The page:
Friday, October 31, 2014

Additional LIS Courses for Spring 2015

The Division of Library and Info Science is offering one course on grant writing and one course on web-site development. Consider these as electives!

Contact Dr. Szylvian at

Thursday, October 30, 2014

Faculty Book Review: Susan Schmidt Horning, Chasing Sound: Technology, Culture, and the Art of Studio Recording from Edison to the LP

 Book Review by Christopher Pataky

(Doctoral Student, St. John's University)

Susan Schmidt Horning, Chasing Sound: Technology, Culture, and the Art of Studio Recording   from Edison to the LP. (Baltimore: John Hopkins University Press, 2013). ISBN: 9781421410227. 320pp. $45.00 hardback or eBook.

Many millennials have not even seen, let alone have listened to, a vinyl record, eight-track, or cassette tape.  Listening to music has become as simple as putting in one’s ear-buds and playing streamed music from an iPod.  The recording of music has also become less physical and more digital, improving sound quality, reducing recording time, and allowing musicians to explore genres that would have been impossible to create less than fifty years ago. 
In Chasing Sound: Technology, Culture, and the Art of Studio Recording from Edison to the LP, Susan Schmidt-Horning masterfully presents the often overlooked history of the technology of sound recording and its impact on popular culture.  Schmidt-Horning breaks the widespread and misleading notion that words and music are the most important parts of any record.  The soothing sounds of Frank Sinatra and Dean Martin and the revolutionary music of The Beatles would not have been possible without advances in recording technology and recording engineers, whose growing contribution made music icons possible.  As a former performer, Schmidt-Horning draws from a generous amount of oral interviews with musicians, recording engineers, producers, and major recording labels to deliver a gripping account of the various talents that came together to create music history.
Schmidt-Horning begins with the earliest of recording studios in the Acoustic Era,  when the capturing of sound moved from laboratories and small machine shops to professional recording networks.  The technological advances of the First World War and the dance craze of the 1910’s ushered in the first “golden age” of recording music as radio created a huge demand for the new blues and jazz music of the day.  Records became the most popular form of entertainment and the industry changed almost overnight as small recording studies emerged in the hopes of cashing in with the next hit song.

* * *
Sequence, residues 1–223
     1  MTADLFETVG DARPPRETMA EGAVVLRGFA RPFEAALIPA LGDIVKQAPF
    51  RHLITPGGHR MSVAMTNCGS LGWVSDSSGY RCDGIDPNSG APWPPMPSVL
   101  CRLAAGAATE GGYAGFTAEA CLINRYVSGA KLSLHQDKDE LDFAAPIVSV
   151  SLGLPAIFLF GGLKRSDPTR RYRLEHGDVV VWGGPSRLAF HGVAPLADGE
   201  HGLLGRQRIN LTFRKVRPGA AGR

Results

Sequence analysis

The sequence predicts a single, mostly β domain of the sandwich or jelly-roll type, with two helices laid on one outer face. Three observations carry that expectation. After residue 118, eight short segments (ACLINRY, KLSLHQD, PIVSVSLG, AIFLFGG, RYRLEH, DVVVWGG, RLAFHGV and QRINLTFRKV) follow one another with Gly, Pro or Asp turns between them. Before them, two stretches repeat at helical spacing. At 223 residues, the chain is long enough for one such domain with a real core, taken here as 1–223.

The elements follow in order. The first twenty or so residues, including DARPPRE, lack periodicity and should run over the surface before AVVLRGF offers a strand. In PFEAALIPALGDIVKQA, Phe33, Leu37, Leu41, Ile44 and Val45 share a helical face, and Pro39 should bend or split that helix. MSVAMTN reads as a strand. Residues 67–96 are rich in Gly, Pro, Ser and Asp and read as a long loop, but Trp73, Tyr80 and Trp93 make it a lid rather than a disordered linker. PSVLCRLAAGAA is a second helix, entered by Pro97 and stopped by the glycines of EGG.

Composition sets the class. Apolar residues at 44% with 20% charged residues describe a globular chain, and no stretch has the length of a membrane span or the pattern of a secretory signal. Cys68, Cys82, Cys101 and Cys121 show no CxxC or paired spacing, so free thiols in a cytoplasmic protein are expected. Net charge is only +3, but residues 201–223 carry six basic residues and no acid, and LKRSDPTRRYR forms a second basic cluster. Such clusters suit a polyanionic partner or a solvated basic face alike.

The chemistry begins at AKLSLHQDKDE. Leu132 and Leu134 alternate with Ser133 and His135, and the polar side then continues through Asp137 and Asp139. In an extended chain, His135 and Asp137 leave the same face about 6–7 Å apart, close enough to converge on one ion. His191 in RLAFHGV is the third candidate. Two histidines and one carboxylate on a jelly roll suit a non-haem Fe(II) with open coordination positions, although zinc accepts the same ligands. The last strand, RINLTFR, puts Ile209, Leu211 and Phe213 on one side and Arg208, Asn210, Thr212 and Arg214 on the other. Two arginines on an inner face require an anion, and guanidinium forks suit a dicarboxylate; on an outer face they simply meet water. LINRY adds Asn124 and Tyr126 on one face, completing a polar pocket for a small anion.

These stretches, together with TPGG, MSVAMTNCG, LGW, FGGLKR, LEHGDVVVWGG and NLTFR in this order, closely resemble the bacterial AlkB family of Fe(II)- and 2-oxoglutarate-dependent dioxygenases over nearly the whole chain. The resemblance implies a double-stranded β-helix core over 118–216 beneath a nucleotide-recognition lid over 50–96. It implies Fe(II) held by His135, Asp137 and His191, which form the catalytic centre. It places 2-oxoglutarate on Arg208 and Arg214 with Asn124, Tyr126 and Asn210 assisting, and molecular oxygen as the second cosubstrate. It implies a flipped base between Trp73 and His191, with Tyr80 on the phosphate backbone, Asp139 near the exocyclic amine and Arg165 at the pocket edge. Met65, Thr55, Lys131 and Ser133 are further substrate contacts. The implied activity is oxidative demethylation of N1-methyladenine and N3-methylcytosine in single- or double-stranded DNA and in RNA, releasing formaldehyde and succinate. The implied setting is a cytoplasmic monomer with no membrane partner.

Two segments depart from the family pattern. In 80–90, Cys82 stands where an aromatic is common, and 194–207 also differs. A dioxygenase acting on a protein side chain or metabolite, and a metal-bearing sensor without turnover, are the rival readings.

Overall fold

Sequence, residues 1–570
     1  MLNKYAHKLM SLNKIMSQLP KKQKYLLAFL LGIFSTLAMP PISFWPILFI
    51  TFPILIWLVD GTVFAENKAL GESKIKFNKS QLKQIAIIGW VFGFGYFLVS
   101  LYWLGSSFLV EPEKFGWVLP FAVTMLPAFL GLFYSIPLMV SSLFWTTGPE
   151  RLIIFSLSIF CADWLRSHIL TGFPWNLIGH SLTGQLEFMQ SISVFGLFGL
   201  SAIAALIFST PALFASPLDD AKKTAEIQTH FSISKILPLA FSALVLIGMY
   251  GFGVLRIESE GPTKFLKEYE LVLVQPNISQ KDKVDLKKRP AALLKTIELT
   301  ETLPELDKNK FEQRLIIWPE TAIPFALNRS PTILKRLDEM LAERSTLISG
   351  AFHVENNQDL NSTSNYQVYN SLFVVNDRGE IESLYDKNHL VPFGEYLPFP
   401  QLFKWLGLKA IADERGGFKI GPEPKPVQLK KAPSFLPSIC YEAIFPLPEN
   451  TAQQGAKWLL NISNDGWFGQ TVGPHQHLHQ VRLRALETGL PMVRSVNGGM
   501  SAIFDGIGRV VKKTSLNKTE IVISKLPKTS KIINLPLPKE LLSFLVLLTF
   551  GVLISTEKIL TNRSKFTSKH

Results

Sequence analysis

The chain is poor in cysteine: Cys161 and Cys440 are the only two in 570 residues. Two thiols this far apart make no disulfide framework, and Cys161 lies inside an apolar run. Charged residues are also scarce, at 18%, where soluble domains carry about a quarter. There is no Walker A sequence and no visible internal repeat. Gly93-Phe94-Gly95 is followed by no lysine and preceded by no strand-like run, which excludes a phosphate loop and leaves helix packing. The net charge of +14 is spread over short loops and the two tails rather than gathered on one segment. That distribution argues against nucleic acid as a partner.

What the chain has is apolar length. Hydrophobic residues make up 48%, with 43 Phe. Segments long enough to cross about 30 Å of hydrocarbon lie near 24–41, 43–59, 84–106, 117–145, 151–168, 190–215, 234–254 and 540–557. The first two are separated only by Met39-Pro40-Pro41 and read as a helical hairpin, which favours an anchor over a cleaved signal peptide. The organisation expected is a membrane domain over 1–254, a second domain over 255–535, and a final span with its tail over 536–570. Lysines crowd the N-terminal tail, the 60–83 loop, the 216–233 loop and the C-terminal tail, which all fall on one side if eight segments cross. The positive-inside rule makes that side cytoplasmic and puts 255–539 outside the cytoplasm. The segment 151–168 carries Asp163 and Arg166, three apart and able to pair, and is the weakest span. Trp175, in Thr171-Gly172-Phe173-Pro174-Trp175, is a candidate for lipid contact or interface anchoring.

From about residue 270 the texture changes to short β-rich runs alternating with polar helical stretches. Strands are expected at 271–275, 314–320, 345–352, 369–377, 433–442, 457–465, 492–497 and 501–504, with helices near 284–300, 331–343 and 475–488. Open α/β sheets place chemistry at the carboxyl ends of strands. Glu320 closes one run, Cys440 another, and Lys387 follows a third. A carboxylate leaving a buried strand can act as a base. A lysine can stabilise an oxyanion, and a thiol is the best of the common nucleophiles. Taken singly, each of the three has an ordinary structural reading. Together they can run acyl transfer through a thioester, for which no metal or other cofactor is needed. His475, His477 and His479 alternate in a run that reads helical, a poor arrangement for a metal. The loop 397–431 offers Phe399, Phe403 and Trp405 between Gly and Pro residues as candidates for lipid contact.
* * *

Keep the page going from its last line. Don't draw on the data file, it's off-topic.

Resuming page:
Chapter Three focuses on the forgotten amateurs of the 1930s who contributed a great deal to music recording in their efforts to “chase sound.”  Home recorders like Les Paul, helped to propel the music recording industry to new summits with new techniques.  As Chapter Four explains, the years leading up to World War Two saw a rebound of record sales and thus a renewed interest from companies in improving sound quality.  In the 1940s, a new emphasis on record production marked a shift toward a greater focus on the studio and those who recorded rather then played the music.  Chapter Five tells the story of how the tape, LP, and stereo took recording to new levels of editing, allowing for not only greater sound quality, but greatly reduced production times as well.  In Chapter Six we see how large recording studios could not keep a monopoly on recording as new technology helped smaller studios produce non-mainstream music such as rock ‘n’ roll and hillbilly/country, which inevitably replaced the more conventional big band music of the 1940s.  Finally, in Chapter Seven we see how technology came to play such an important role in music development.  Recording engineers, as an example of the growing importance of sound technology, came to be called “the sound-man artist” surpassing the orchestra conductor and becoming as important to music as the songwriter or lead singer.

Schmidt-Horning’s Chasing Sound serves as a wonderful reminder of the history behind our popular music.  Chasing Sound is a brilliant read for both academic and general audiences of cultural and technological history.  After reading Chasing Sound it would be hard for any reader to not appreciate the many technological steps that led to the sound quality and electric beats that comprise modern music.

Tuesday, October 21, 2014

Please Join SJU Public History Students On These Upcoming Trips

Please Join SJU Public History students at the National Archives-NYC on Wednesday, 10/23 at 6:00pm and at Old Mystic Seaport in Mystic,CT on Friday, 11/14 at 12:30pm
For details email: Kristin M. Szylvian, Ph. D.

Friday, October 17, 2014

Events for the rest of Fall 2014

Tuesday 10/28     Movie Night    Gang of New York

Saturday  11/1      Manhattan Historical Walking Tour "Gangs of New York" with Joyce Gold

Tuesday 11/18      Games Night

Dec 15,16 or 17??? End of Semester Pary - To be determined

Seventh Annual St. John’s College
Dean’s Interdisciplinary Symposium
Please join us on Thursday, November 20,
2014 from 1:50-3:15 pm (Common Hour) in
D’Angelo 206 as four distinguished scholars
from St. John’s College discuss food

Symposium Participants
Dr. Robin Wellington (Psychology): “The Hunger Games: The
Neuroscience Underlying Eating and Satiety”

Dr. Tracey-Anne Cooper (History): “Feast and Fast In
Medieval Europe: Marking Extraordinary Time with Food
and Abstinence” 

Dr. Robert Fanuzzi (English): “From Pigsties to Parks and
Back Again: Food Politics and the Sustainable City”
Dr. Barrett Brenton (Anthropology): “From Paleodiets to
Molecular Gastronomy: The Global Health Paradox of Food
Systems Sovereignty and the Right to Food”

Admission is free and open to the public

Welcome to St. John's University, History Department's Blog.
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